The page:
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Re: active connections when hibernating

     On Sun, 15 Jul 2007 09:22:00 -0700 "Michael_google gmail_Gersten"
<keybounce@xxxxxxxxx> wrote:

>On 7/14/07, Scott Bennett <bennett@xxxxxxxxxx> wrote:
>>      On Fri, 13 Jul 2007 14:59:44 -0700 "Michael_google gmail_Gersten"
>> <keybounce@xxxxxxxxx> wrote:
>> >Hours? Possibly. They'll stay open until the other side closes them,
>> >as I understand; that's one hour by default.
>>      But those are client-side connections.  When routers connect to other
>> routers, they tend to keep those connections open.  As I understand it,
>> this not only avoids the unnecessary overhead of tearing down and setting
>> up new connections to the same places repeatedly, it provides another
>> obstruction to anyone trying to do traffic analysis.
>Alright, lets see. I have one tor configured as a client only, and one
>as a client (on an unused port) and a server. Lsof reports 88 outgoing
>connections, and 48 incoming connections. I just closed the ORListener
>port, so that one is only doing client (and old server connections).
>10 minutes later, I still have 81 outgoing, and 32 incoming.

     Okay.  I don't know what tor is "supposed to" do about existing server
connections and circuits when a SIGHUP results in ORPort being closed.
However, I can see why the continuing operation of the client side of tor
would make it desirable to maintain any currently open connections to its
chosen entry guards.
>Oh foo, I fell asleep. Next morning: Client has one outgoing
>connection to Lefkada, and server has one connection to pppool:9030
>(directory server?), one outgoing to a brazil site on a "random" port,
>and one incoming tor connection.
>Turning on Vidalia: Vidalia shows two connections to Lefkada, but lsof
>only shows one actual socket connection. Dang, but that changes how I
>thought tor did communication.
>Re-enabling the ORListener on the server (Odd, it's ORPort in the
>config, but OR Listener in the logs), and waiting a moment: Wow. I'm

     ORPort is the advertised port, and Address is the advertised address,
whereas ORListenAddress specifies the actual IP address and port that the
socket is bound to.  It is possible to advertise a port via the server's
descriptor that differs from the one the server is actually using.  For
example, in FreeBSD if you use IPFW or PF, you can translate the address
and/or port on incoming packets to whatever you want them to be, thereby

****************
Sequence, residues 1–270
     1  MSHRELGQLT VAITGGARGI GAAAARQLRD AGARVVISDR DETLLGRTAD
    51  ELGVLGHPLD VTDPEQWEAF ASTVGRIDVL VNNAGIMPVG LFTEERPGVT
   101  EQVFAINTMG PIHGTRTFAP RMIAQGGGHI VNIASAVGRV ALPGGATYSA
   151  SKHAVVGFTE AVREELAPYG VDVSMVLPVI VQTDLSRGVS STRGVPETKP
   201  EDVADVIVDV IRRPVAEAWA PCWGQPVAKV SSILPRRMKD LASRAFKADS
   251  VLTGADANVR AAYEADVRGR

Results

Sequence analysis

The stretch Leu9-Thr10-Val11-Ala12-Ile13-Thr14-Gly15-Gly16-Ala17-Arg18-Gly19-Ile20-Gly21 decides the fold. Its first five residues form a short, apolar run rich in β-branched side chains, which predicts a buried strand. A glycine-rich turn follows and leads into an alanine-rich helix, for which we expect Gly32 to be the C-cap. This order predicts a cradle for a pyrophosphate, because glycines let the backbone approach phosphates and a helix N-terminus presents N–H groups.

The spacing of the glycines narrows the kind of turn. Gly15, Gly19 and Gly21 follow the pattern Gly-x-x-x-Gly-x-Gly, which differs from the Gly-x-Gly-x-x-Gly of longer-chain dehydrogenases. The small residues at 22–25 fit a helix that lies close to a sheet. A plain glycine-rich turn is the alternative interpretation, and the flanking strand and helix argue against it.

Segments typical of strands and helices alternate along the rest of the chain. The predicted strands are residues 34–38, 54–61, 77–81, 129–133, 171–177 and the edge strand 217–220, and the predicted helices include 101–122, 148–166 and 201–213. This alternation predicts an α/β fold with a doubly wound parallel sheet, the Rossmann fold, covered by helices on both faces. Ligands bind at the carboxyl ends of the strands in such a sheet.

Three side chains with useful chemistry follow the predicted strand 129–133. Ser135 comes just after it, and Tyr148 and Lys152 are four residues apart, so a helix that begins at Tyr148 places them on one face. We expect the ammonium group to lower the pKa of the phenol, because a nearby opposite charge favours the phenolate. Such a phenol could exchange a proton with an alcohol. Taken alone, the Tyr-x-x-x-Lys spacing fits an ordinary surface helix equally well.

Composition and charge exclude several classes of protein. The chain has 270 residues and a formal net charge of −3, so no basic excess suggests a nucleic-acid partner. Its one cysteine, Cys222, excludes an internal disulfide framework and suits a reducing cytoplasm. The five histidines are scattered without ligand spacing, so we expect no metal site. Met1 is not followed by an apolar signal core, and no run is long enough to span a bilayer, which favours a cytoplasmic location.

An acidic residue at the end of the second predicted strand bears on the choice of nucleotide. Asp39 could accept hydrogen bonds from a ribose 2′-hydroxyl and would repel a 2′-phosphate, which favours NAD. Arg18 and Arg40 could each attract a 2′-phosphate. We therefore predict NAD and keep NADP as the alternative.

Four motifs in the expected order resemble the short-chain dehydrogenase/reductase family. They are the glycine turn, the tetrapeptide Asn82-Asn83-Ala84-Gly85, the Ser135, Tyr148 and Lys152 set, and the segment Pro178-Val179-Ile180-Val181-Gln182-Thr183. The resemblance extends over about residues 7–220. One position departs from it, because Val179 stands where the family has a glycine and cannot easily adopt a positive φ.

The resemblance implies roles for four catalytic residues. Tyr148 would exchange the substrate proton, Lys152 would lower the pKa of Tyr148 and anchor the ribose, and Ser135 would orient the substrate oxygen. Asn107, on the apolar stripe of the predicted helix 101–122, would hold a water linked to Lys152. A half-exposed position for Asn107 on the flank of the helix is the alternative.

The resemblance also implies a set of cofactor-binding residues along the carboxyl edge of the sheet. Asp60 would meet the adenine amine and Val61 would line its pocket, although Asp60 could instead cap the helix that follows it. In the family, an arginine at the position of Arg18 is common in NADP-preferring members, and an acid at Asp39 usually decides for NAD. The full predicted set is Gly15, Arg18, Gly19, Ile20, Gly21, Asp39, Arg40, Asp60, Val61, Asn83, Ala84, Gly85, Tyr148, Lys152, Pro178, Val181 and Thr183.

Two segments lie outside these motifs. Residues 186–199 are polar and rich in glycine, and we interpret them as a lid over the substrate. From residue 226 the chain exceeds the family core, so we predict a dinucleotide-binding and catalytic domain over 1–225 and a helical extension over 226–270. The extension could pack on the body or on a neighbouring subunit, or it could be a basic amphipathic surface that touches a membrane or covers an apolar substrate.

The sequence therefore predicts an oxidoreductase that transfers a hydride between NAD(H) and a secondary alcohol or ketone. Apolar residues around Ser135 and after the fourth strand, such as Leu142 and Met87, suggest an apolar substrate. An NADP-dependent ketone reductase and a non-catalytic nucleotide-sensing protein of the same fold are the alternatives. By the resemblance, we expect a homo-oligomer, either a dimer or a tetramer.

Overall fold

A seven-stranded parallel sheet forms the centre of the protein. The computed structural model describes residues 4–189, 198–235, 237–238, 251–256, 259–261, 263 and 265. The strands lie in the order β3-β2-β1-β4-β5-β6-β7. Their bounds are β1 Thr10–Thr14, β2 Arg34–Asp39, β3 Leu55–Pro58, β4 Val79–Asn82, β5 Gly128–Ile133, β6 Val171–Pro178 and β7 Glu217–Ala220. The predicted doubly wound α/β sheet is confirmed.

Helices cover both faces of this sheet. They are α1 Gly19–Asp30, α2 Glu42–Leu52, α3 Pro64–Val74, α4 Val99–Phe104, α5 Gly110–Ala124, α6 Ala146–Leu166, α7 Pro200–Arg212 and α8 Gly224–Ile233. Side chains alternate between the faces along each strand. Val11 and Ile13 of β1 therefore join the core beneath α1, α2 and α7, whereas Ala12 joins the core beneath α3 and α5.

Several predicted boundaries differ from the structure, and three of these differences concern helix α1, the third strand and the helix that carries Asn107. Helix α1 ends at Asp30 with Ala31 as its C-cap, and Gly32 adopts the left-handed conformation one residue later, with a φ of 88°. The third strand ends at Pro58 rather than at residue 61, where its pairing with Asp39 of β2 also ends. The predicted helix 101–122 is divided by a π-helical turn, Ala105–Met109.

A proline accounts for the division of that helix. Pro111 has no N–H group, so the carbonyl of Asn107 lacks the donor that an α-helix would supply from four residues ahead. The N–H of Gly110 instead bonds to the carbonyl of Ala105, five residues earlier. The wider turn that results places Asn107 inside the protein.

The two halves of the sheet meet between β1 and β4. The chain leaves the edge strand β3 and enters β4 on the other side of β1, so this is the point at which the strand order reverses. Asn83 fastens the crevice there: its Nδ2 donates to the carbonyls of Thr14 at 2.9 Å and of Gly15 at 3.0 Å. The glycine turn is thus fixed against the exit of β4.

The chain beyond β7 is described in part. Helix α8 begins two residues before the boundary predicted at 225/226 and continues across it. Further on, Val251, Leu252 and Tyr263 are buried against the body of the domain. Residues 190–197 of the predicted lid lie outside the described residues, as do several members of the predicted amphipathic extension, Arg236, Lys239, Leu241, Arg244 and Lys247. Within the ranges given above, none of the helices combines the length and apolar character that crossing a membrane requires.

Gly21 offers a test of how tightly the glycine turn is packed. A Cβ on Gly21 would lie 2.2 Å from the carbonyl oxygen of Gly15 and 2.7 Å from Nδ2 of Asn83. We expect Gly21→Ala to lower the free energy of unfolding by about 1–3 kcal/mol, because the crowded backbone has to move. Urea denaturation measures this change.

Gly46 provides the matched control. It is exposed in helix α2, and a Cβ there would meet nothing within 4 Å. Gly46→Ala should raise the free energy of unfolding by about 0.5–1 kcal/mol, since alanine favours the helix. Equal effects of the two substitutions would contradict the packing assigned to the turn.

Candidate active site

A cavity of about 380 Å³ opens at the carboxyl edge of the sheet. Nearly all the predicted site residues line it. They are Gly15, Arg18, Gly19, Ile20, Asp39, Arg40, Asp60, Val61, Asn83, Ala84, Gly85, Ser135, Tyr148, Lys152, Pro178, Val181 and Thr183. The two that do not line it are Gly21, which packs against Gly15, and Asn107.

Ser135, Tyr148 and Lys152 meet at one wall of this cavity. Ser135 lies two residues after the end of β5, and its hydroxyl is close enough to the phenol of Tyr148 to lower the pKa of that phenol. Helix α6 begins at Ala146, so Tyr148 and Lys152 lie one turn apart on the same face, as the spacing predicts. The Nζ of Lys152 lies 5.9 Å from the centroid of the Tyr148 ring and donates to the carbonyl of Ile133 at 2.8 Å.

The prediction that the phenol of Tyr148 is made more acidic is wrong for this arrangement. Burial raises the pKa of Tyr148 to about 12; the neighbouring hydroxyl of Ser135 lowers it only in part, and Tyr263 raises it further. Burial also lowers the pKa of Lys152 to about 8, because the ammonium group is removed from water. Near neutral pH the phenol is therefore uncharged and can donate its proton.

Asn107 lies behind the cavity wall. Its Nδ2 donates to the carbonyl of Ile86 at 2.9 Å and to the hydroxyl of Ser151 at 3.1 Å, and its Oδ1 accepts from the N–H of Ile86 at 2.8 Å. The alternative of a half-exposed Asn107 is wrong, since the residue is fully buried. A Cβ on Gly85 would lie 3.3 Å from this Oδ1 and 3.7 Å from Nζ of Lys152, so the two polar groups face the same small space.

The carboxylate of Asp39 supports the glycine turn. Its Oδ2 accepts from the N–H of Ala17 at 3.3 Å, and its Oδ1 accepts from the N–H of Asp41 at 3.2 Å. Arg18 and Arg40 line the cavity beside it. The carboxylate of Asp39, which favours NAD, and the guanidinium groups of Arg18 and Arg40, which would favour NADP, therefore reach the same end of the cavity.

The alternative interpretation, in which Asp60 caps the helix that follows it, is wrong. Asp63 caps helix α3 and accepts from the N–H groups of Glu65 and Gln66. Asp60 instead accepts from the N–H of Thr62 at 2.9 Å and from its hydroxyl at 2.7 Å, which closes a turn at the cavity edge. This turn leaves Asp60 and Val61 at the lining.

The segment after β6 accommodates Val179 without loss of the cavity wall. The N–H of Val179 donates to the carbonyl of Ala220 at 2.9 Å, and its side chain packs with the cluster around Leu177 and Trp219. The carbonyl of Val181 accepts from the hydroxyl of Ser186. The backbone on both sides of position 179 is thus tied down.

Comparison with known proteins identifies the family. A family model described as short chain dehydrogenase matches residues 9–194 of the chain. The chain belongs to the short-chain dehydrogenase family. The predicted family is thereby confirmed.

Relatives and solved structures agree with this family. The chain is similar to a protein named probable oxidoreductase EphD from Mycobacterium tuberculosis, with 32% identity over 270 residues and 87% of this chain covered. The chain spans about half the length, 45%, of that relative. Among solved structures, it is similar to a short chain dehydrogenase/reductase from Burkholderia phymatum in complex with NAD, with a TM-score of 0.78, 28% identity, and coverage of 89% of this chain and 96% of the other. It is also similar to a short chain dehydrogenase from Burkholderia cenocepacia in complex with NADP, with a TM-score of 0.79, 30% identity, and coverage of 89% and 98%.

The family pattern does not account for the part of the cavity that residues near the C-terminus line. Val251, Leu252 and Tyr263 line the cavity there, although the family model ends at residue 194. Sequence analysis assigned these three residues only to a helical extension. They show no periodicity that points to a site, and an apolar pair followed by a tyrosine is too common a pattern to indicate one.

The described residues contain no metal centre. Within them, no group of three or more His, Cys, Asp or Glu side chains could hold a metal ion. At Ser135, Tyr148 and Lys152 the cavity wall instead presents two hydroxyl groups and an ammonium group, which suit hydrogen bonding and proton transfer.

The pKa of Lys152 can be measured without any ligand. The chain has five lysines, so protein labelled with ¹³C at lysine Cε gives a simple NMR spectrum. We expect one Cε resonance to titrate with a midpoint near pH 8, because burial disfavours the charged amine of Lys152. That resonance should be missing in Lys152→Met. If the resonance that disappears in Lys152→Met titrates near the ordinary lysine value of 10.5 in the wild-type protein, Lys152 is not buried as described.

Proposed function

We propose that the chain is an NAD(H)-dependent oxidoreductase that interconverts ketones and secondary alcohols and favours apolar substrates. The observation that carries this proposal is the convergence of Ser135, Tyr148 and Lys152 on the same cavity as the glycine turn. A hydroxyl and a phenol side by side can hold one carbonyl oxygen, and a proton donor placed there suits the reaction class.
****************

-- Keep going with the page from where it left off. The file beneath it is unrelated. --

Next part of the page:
routing them to your tor server at whatever port it is using.

>looking at 5 SYN_SENT, one established outgoing tor, one established
>incoming tor (and we're talking seconds after publishing the
>descriptor), and one established unknown outgoing (Local port is not a
>listening port; remote port is a "random" high numbered port). And
>that's before the bandwidth test.

     Perhaps it's publishing its descriptor (i.e., sending the descriptor
to an authority).
>Which is itself an interesting question. How can tor publish its
>descriptor before it knows how much bandwidth to claim in the

     There are three values published in the descriptor.  The first and
second come from BandwidthRate and BandwidthBurst, possibly overridden by
MaxAdvertisedBandwidth, in the configuration file.  The third value is the
actual "high water mark" in the last x seconds (24 hours, IIRC).  Note that
BandwidthRate defaults to 3 MB/s, and BandwidthBurst defaults to 6 MB/s.
>> >Heck, if I shut down my or-port (so no new connections arrive), and
>> >turn it off in my browser (so no new outgoing connections are made),
>>      The client is supposed to continue to maintain some circuits, so
>> that some will be ready for use anytime the client should come to need
>> them.  Because circuits are old after ten minutes, no new connections
>> are made through them, and they are torn down when the last connection
>> through them is closed.  In order to keep circuits available, the client
>> therefore must keep building new circuits from time to time to replace
>> the ones that get aged and closed.
>In the past, I've seen that if the client has no activity, it does not
>replace the connections. I have seen an idle tor client wind up with
>no open sockets.

     Huh.  Now that you mention it, I've suspected the same thing, though
I've never checked it out very closely.  Maybe Roger Dingledine could
comment on whether this is actually the intended behavior and why it is or
is not.
>> >then my tor winds up with no sockets open in about 2 hours. (Maybe
>> >less, I haven't checked that frequently)
>>      Then perhaps there is something wrong with your network connection
>> that it breaks all circuits from time to time.
>Nope. I have circuits open for days (ssh).
     Do you mean ssh through tor?  Or just ssh direct connections?

                                  Scott Bennett, Comm. ASMELG, CFIAG
* Internet:       bennett at cs.niu.edu                              *
* "A well regulated and disciplined militia, is at all times a good  *
* objection to the introduction of that bane of all free governments *
* -- a standing army."                                               *
*    -- Gov. John Hancock, New York Journal, 28 January 1790         *